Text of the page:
Rows and rows of raised dots, up to six in each rectangle. This is the tactile writing system developed by a 16-year-old Frenchman almost 200 years ago. The system is called Braille and is now used by visually impaired people all over the world.
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Braille is read with the fingertips. Most visually impaired people read with both hands. Characters are formed within the framework of Braille cells, the size of which is the same virtually worldwide. Each cell comprises a rectangle with up to six raised dots, two across and three down. The rectangle is no bigger than a fingertip. A letter or character is formed by one or more raised dots in the cell.
The dots are about a millimetre in diameter. By combining the dots in different ways, 63 different characters can be formed. On a Braille display linked to a computer, each Braille cell has eight dots, increasing the possible number of characters to 255.
One of the advantages of the Braille system is that it can be adapted to any language, even ones that don’t use the Roman alphabet, such as Chinese and Japanese, where Braille is then based on sound instead of characters.
When punching Braille onto paperboard packaging, the Braille tool is integrated into a standard punching tool.
“We use punching tools by Marbach of Germany,” says Leif Holmberg, product optimizer at packaging company Eson Pac, Sweden, which makes packages for pharma company AstraZeneca, among others.
“The challenge is in the choice of paperboard. Braille needs a high-quality paperboard as it’s subject to heavy strain and mustn’t crack.”
Leif Holmberg, product optimizer at Eson Pac
The tool is based on the interplay between ‘male and female’ dies. The female dies are cast in hard plastic and come in different sizes, with varying numbers of rows and characters depending on the size of the package. The male dies, which emboss the actual characters, are made of steel. In the embossing process, the male is pushed up into the paperboard, whereupon the dot characters are pushed through the holes in the female, which is on the top side of the paperboard.
When the sheets have been through the printing press, they are transferred to the punching department where they are punched, embossed and folded in the same machine, Holmberg says.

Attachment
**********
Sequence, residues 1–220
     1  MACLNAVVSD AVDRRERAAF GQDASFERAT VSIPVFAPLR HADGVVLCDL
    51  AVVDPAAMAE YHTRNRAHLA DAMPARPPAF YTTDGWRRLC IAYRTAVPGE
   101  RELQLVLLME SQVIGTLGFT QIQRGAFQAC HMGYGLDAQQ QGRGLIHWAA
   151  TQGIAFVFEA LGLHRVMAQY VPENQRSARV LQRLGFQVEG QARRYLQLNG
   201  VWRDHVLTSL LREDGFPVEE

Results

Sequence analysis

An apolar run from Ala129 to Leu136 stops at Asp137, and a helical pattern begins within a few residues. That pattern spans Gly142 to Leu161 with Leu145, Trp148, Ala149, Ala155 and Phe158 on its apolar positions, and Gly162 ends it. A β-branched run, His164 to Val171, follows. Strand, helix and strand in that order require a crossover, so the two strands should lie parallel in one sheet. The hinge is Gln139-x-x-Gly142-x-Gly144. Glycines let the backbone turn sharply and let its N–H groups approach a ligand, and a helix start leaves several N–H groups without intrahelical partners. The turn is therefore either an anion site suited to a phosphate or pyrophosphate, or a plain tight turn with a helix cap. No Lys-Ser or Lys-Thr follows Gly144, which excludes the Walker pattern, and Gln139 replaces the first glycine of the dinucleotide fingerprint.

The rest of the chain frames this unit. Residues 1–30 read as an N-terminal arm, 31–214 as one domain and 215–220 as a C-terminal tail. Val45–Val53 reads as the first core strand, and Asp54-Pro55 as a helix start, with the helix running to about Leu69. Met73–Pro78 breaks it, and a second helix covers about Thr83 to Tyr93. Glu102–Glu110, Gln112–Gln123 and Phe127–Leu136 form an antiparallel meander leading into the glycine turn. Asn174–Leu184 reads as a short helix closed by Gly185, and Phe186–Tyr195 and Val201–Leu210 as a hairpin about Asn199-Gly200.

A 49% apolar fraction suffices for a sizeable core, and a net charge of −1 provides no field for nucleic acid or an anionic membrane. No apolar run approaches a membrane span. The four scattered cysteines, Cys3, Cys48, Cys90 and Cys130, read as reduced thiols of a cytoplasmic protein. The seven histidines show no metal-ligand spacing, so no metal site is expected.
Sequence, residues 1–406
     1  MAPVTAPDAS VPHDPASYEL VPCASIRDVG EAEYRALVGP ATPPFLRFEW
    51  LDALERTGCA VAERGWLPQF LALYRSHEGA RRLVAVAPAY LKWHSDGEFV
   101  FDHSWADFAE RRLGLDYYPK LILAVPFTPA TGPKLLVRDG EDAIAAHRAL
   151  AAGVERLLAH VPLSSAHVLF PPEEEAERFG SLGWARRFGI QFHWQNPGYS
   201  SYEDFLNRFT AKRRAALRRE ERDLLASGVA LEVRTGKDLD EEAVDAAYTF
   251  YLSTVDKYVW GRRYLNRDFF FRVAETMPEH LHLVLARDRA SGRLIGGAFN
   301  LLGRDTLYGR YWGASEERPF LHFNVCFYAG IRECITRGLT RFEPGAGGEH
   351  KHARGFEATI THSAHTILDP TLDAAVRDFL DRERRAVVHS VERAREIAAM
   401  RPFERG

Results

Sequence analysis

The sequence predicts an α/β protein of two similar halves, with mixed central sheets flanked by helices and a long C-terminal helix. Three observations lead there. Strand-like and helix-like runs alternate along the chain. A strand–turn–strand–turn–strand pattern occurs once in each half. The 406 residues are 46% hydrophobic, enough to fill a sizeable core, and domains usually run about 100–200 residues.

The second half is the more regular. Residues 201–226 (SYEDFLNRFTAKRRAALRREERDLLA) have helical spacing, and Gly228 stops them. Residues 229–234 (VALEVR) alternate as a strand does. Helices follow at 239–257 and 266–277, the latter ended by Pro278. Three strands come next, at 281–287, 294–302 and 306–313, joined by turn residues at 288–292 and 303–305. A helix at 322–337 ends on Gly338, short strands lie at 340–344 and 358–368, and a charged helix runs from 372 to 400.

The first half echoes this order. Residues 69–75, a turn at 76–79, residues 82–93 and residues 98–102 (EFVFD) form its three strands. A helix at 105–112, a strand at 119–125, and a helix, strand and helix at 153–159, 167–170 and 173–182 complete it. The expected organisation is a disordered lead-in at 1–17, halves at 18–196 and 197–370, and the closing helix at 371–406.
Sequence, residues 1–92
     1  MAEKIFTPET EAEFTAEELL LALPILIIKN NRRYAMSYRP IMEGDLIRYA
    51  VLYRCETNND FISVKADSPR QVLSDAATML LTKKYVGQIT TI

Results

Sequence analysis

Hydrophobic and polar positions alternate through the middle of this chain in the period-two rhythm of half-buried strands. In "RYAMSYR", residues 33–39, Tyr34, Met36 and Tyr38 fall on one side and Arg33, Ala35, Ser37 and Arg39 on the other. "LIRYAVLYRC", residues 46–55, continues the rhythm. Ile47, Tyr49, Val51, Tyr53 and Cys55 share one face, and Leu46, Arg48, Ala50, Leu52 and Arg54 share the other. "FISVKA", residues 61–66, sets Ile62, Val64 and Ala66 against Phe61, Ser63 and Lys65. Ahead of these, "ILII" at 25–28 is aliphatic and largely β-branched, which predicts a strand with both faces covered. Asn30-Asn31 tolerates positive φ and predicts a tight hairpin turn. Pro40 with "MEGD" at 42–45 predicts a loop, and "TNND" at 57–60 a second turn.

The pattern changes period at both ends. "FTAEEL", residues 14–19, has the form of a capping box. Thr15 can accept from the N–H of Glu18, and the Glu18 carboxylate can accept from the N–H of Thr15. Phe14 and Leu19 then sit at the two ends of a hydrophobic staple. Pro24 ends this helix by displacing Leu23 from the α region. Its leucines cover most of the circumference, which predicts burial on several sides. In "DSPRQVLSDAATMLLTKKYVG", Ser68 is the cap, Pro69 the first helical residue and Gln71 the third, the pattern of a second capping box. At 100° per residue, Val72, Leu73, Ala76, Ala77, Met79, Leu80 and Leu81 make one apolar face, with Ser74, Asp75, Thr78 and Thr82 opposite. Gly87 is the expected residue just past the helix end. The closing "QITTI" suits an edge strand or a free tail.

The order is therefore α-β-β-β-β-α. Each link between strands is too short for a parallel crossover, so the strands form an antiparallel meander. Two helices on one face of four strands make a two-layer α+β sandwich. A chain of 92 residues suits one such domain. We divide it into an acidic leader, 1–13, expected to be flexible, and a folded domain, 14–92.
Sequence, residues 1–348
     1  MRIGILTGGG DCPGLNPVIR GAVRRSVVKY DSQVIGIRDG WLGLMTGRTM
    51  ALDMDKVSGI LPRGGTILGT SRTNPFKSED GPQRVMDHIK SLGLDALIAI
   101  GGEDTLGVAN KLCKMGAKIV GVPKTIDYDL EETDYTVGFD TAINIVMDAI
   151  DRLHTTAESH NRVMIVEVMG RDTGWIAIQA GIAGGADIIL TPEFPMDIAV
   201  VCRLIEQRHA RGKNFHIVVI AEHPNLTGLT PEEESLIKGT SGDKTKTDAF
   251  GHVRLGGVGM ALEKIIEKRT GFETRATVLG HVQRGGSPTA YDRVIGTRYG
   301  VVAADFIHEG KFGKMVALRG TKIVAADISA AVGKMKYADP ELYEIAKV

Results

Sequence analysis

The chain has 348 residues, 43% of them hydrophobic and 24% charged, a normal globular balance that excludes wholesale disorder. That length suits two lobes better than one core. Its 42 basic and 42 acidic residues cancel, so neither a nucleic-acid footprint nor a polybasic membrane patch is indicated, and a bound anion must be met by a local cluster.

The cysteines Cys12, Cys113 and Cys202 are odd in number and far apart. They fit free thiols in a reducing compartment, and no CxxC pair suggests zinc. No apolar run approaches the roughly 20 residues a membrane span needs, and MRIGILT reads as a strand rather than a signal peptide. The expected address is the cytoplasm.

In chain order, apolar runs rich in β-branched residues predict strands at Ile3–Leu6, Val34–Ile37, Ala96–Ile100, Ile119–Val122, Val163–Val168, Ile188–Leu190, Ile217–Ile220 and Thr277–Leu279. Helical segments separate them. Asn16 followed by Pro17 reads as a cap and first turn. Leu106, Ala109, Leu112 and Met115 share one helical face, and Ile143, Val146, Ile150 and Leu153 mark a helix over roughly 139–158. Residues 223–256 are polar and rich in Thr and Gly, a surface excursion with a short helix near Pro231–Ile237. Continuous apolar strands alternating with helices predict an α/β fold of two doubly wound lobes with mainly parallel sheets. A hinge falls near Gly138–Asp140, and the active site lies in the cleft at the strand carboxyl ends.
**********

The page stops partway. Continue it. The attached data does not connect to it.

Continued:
Before large-scale punching takes place, quality control is carried out using a special vision system which measures the dots to make sure they reach the approved height: between 0.15 and 0.20 millimetres. A transparent film is also used to make sure all the dots are there.
“The challenge is in the choice of paperboard,” Holmberg explains. “Braille needs a high-quality paperboard as it’s subject to heavy strain and mustn’t crack.”
The history of Braille
When 3-year-old Louis Braille was helping his father in the saddlery, the young French lad accidentally poked himself in the eye with a sharp tool. The eye became infected, and this led to young Louis going blind in both eyes. That was 1812, and the boy’s future prospects were bleak, to say the least.
But his parents made sure he could go to school with seeing children, and since he showed such great talent he was allowed to carry on his education at a school for the blind in Paris.
In 1821, Louis came into contact with a former officer who had invented ‘night writing’ – a code consisting of 12 raised dots and lines that would enable soldiers to communicate with one another in the dark on the battlefield. Louis Braille developed the officer’s idea, and at the tender age of 16 he presented a system for the Roman alphabet. He eventually evolved the system to also include musical notes and advanced mathematical symbols. The alphabet for visually impaired people was named after Braille, and it has now been in use for nearly 200 years.
TEXT: KARIN STRAND PHOTO: KRISTIAN INGERS